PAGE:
In out last post we talked about HTML and how useful the tags that reside in the <Head> section (the bit that is mostly hidden from the viewer) are. This time we are looking at the tags that are used in the <Body> section.
The Body section of the HTML code is what the Browser Software uses to draw / create the page on a user’s computer (or mobile phone / tablet) screen.
Of course there a lots of different Browsers out there and whilst they all use the HTML code, the often create a slightly different view of that on a user’s screen (something that all good web designers have to take into account).
But as far as SEO is concerned, we are not interested in what Browser is being used, just in how we can ‘impress’ any visiting Search Engine, with the goal of getting the best possible rank for that page for the ‘target’ keywords for that page.
The <Body> Section
The Header tags.
These Header tags, like all of HTML are based on a document structure that was originally produced to drive computer printers. They were also used by the editors of newspapers in the ‘old days’ when newspapers were printed using lead characters, the header tags being used by the editor to denote what was a MAIN headline and which were sub headlines.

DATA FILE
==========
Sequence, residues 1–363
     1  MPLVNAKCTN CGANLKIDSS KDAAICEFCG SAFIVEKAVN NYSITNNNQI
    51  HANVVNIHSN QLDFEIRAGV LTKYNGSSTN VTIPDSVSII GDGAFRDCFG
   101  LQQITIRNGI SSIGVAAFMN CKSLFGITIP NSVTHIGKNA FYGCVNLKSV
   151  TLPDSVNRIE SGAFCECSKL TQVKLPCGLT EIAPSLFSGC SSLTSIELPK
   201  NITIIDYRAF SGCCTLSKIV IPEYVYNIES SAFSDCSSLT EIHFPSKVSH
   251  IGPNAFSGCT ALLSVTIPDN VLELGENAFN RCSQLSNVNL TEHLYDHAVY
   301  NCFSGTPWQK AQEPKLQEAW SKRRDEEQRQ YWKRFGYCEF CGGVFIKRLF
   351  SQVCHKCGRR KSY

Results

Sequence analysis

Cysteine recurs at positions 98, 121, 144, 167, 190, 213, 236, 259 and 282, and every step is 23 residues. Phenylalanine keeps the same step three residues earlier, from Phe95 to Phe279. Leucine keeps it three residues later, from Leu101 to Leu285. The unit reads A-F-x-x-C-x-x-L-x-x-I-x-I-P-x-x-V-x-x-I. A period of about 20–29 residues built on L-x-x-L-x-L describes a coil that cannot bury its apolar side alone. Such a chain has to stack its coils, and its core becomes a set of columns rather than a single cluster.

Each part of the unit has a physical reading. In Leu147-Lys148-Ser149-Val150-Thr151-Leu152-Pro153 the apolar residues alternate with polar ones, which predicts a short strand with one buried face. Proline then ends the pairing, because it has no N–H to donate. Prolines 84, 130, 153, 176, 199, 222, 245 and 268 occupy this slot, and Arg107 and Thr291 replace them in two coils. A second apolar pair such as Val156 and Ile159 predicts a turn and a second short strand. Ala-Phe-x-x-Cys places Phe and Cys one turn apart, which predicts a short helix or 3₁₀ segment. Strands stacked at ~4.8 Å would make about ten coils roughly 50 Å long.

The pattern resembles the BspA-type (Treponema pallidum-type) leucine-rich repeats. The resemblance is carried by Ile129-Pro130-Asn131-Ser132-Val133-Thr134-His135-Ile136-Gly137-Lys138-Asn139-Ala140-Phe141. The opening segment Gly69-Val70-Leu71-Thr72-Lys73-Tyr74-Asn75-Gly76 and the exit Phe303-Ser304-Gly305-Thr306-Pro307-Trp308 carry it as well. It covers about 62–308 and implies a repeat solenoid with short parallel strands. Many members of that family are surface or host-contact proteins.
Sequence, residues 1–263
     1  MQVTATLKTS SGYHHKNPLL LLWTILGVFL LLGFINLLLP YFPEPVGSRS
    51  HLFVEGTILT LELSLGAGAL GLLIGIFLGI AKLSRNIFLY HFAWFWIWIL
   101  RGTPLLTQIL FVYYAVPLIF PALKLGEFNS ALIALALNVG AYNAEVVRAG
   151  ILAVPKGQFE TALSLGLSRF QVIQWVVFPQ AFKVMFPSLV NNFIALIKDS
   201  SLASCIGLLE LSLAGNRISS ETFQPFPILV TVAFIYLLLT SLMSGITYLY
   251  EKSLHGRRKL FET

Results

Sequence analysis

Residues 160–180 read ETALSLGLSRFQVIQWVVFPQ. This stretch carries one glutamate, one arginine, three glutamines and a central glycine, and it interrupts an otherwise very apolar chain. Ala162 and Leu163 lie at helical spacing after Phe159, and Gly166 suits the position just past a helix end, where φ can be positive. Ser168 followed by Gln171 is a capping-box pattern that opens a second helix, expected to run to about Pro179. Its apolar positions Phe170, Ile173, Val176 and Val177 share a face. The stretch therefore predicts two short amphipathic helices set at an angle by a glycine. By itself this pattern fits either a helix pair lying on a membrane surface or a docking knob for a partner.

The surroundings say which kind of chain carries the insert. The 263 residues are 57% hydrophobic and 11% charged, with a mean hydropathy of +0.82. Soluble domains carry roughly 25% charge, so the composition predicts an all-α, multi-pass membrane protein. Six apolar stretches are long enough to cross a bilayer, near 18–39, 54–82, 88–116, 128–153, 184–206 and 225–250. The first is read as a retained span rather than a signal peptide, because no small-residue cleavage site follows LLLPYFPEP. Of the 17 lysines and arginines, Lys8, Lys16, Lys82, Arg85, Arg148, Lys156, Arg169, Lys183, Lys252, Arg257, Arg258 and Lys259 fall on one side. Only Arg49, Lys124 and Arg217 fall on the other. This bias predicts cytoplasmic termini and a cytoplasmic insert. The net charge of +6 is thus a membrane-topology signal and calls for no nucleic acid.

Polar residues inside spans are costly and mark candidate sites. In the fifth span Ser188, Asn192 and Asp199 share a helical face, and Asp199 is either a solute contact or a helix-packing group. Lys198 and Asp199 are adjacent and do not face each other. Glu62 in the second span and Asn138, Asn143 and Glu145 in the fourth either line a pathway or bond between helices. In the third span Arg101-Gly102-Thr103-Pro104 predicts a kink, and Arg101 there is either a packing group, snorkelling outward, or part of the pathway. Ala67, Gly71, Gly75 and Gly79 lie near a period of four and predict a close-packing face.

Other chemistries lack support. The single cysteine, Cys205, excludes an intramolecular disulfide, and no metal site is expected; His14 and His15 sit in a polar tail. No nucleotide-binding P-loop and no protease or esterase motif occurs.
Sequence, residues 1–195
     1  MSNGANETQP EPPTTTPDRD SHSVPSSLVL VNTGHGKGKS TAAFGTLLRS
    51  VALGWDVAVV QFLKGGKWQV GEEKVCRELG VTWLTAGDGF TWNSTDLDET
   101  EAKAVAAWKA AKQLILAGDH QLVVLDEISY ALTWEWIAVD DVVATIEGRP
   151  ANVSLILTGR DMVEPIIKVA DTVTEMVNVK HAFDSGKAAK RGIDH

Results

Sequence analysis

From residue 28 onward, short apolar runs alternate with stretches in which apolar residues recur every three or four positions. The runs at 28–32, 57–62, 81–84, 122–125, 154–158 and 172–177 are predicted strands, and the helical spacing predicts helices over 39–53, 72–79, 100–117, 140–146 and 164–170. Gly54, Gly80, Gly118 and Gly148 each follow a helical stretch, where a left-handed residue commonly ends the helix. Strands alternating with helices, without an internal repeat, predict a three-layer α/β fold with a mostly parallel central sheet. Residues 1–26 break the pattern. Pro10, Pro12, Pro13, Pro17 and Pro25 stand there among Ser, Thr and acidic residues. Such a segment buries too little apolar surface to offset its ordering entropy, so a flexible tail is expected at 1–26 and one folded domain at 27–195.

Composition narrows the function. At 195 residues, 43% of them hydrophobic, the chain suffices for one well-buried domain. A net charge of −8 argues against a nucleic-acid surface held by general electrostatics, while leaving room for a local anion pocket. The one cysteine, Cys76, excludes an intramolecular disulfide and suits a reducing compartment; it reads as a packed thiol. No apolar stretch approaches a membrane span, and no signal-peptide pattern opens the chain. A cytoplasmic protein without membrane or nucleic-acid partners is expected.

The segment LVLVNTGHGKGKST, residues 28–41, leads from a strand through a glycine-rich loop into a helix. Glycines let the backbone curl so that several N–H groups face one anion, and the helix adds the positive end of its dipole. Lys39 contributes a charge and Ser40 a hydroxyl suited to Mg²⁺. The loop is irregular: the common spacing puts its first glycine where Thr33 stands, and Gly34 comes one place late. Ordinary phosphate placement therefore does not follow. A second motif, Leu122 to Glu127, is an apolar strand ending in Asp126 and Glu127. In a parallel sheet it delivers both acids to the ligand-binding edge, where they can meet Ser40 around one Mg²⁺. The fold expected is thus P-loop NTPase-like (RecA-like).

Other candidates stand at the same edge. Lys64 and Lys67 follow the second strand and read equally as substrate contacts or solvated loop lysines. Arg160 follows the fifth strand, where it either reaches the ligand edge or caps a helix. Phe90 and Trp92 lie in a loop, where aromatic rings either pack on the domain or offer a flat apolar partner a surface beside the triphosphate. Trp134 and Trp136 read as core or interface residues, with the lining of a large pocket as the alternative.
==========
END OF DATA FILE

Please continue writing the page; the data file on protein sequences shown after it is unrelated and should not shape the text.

In fact, that is just what we are doing when we use the Header Tags on the web, and, if you go back to the 1990’s, before the days of Style Sheets etc, you only had a very few ways of controlling the layout of a page and on how big the text was.
The Header tag was one of the main ways you did this using H1 for the main headline, H2 for the next level and so on all the way down to the smallest H6. Today of course, using Styles, you can override how big (and what colour / font are used) the text is. But regardless of what you make them look like, the Search Engines still use the fact that they have been noted as ‘important’ blocks of text, just because they are enclosed in a Header tag.
This is the important fact and thus they should be used wisely.
In HTML a header tag looks something like this, but as mentioned above, because of Styles, the actual code may look a lot different.
<h1>Some IMPORTANT TEXT on your page</h1>
However, whilst they are good at letting the Engines know what is important, today, with the advent of ever more powerful (and clever) algorithms, Google and its kin no longer rely on the Header tag, so it is ok not to use then at all. BUT, they still help the search engines read your content in a more efficient manner, so our advice is to use them, just make sure you use them in the right way.
Use the order of your header tags (h1 to h6) to show the level of importance of each section on the page.
This is simple enough, and means that you would use the H1 tag for the main headline, using the H2 for the headlines within that topic, using H3 – H6 as needed to slowly work down to lower and lower levels.
That way, you not only help the search engines, but also make the page so much easier to read and understand.